Went to see Cowboys & Aliens over the weekend with some friends, all of whom had various takes on it given their own particular backgrounds. Personally, I thought the movie was enjoyable as all get out while I was watching it, and while I did think of any number of criticisms and questions afterwards, none of them had any particular influence on my appreciation of the film after the fact. There's fridge logic here, of course, and some really shockingly weak characterization, but on the whole the movie offers up exactly what the title and trailers promised, and since that's what I paid to see, I'm happy with it.
One thing I was particularly happy with, as a science fiction aficionado, was the noted absence of that great scourge of television and movie scifi, technobabble. No deflectors were modified, no pulses were inverted, there were no tachyons to be seen and nobody had to spit out a single six-syllable bit of made-up science. The reason, of course, is that it would've been completely wasted on the in-universe audience, the titular cowboys, who wouldn't know a phaser from a blaster or, come to that, a cell phone from a telegraph by the looks of it. There was only one character in the film who could possibly have spouted such lines, and they were thankfully mute on the subject, preferring just to give both the Americans (cowboys, saloon owners, preachers, cattle owners and the like) and a group of Natives the sorts of answers that would make sense. The creatures wanted gold, and no particular reason was given (though a technologically advanced civilization could have any number of uses for the material), they had flying machines and guns, and they were kidnapping people to try and figure humanity out. Nothing there that any resident of the American West wouldn't have been able to understand and appreciate, at least once they'd seen the flying machines in question in action, and nothing there that would've been improved by the addition of a half-dozen lines in the script about anti-gravitic propulsion or the desperate need for gold to make inter-stellar Whatever Drives go.
Because of course there's no way a preacher, a doc, an outlaw in love with a
whore and their associates could ever really master advanced technology.
It's not that I don't appreciate a writer who's done his homework. I'm a great fan of Jack Campbell and David Weber, both masters of the 'fill the page with numbers' school of space fight writing, and some of the best stories from whatever Golden Age of science fiction anyone might care to name have shown that, properly used, a bit of factual infodumping not only doesn't hurt a story, but can actually help the reader's understanding of a predicament. It's one thing for the Enterprise to have to remodulate the deflector to fire an inverse tachyon pulse to stop a subspace anomaly, and quite another for the ship to be in a deteroriating geosynchronous orbit, in danger of entering the upper atmosphere and burning up when the friction of an uncontrolled re-entry heats the hull of the ship beyond human tolerances. The former is meaningless, and essentially no different from not particularly well-constructed fantasy magic systems; the heroes need to do This Thing to stop That Thing, Because. In the latter, however, the audience can start to participate with the heroes in trying to resolve a dilemma; if you need to generate X amount of thrust to push the ship into a higher, stable orbit, and you have options A, B, C and D, you can make a good guess as to what they'll try and, even better, you might even be able to come up with an entirely different answer of your own that the heroes (which is to say, the writer) didn't think of at the time.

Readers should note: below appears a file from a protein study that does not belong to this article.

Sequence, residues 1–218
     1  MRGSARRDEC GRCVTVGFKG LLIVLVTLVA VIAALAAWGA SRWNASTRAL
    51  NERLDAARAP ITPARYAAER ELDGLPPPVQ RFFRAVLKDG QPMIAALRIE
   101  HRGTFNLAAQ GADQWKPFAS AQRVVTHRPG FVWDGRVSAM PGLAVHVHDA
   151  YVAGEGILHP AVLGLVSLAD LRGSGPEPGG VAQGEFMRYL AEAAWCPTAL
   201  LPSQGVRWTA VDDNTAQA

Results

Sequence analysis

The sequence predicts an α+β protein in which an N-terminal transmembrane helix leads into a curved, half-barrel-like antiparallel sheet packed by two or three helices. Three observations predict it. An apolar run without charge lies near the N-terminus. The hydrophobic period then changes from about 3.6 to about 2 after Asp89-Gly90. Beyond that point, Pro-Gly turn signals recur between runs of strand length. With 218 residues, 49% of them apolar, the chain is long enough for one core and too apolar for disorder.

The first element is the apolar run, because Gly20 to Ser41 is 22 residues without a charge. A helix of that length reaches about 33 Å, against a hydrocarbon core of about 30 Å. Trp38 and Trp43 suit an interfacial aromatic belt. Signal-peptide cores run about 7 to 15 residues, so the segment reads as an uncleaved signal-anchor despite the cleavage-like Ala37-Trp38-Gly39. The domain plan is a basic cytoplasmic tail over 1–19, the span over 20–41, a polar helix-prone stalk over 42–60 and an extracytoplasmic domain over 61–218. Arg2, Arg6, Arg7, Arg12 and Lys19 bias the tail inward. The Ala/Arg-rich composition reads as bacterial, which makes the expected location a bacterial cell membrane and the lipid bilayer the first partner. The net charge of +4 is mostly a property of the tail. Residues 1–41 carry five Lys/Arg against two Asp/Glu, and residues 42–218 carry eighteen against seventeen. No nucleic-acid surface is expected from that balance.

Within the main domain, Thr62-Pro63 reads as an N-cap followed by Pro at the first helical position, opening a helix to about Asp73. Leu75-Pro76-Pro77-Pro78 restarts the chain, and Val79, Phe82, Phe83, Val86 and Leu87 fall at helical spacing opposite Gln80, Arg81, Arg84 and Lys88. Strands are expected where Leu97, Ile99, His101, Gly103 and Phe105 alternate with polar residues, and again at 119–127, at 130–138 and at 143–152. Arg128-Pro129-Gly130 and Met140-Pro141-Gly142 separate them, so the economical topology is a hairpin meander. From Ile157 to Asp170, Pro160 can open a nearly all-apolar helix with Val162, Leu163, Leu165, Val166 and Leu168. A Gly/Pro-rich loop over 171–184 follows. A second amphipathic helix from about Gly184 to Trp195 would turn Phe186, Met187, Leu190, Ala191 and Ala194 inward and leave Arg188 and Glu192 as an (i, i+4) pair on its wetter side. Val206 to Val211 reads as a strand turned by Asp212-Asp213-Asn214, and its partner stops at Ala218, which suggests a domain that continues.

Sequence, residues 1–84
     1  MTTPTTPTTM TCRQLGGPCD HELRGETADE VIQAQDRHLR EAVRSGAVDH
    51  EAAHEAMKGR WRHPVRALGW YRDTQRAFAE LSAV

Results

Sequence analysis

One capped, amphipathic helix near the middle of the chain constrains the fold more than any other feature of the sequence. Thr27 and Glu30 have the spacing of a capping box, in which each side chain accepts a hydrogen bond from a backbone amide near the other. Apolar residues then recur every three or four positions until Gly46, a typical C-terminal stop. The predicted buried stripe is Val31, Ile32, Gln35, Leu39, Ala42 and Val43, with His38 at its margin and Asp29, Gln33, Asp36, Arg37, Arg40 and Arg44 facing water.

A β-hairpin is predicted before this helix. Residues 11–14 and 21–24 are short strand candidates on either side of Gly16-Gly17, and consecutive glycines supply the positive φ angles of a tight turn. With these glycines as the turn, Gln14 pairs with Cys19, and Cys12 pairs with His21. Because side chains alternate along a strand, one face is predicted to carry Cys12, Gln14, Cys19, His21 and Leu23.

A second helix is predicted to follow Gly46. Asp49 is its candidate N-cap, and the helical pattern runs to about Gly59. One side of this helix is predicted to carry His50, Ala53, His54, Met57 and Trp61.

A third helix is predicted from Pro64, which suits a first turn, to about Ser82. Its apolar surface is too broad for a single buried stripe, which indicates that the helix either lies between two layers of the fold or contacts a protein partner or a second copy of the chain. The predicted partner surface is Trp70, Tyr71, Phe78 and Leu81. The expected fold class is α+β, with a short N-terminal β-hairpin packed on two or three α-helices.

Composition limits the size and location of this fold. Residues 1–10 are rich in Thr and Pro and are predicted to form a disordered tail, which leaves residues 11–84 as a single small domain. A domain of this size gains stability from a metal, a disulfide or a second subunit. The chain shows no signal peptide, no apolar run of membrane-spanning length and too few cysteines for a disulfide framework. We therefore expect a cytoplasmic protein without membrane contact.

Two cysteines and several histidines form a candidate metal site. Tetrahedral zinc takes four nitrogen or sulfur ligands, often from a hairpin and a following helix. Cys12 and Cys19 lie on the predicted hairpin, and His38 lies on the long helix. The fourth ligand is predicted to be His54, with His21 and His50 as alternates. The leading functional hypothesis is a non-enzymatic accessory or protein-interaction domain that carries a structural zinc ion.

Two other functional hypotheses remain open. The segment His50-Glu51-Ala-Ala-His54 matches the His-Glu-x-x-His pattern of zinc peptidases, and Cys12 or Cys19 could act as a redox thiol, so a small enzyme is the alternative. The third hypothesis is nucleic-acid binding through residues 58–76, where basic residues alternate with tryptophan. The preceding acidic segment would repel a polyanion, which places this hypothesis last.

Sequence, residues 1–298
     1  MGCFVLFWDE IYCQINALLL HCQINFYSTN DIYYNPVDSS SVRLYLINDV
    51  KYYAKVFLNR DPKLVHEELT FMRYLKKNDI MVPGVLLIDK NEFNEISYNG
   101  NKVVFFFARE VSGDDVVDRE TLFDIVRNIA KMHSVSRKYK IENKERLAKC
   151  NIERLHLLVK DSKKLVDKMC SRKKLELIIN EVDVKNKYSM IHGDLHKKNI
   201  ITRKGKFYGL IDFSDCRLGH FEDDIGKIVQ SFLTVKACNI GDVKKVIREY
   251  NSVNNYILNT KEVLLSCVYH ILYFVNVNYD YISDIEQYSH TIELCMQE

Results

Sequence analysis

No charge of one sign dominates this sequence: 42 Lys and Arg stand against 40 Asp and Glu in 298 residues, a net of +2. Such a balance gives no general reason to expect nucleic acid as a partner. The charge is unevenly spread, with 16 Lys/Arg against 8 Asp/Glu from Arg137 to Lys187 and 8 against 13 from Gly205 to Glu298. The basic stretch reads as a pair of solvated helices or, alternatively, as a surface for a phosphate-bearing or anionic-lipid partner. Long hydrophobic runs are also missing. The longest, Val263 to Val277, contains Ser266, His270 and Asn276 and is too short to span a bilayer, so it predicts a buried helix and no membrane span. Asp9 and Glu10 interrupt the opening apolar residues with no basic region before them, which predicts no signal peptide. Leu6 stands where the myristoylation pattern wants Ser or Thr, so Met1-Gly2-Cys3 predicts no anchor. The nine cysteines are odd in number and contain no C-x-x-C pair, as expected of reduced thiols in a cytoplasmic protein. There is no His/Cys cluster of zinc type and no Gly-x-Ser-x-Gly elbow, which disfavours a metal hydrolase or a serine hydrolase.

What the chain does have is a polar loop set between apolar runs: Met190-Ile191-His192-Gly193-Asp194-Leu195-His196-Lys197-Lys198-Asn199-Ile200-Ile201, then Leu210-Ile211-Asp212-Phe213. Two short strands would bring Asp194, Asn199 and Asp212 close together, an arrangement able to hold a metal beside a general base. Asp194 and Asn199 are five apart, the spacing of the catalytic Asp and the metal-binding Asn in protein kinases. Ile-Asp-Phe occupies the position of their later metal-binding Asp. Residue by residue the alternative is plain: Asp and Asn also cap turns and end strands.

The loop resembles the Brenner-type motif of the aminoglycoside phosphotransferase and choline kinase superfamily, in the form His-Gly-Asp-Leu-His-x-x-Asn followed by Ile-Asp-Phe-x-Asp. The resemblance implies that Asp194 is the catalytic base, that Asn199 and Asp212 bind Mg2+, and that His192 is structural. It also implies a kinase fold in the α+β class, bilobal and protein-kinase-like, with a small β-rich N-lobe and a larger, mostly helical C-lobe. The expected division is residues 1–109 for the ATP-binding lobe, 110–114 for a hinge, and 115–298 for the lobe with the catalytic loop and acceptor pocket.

Although it might seem to promise infinite freedom for the writer, the ability to make whatever situation they want obtain to best drive the drama of the moment, technobabble is an essentially limiting aspect of science fiction writing. It can be necessary, and it can even be interesting, of the underlying principles have been thought out and the technology has actual limits and specific abilities. But rarely is it interesting enough to warrant pages or minutes of time devoted to it, and unless the technobabble really has been concretely laid out, it's little more than a way to take the reader entirely out of the running for coming up with a solution of even understanding the proposed plan of attack.
Which, in the case of Cowboys & Aliens, was as simple as it was predictable; don't worry about what planet they're from, or what crystals their ship runs on, or what kind of energy waves their wrist-blasters project.
Just shoot the heck out of them.
Can't argue with what works.
And I think we can all agree that that's a strategy no amount of technobabble could improve on.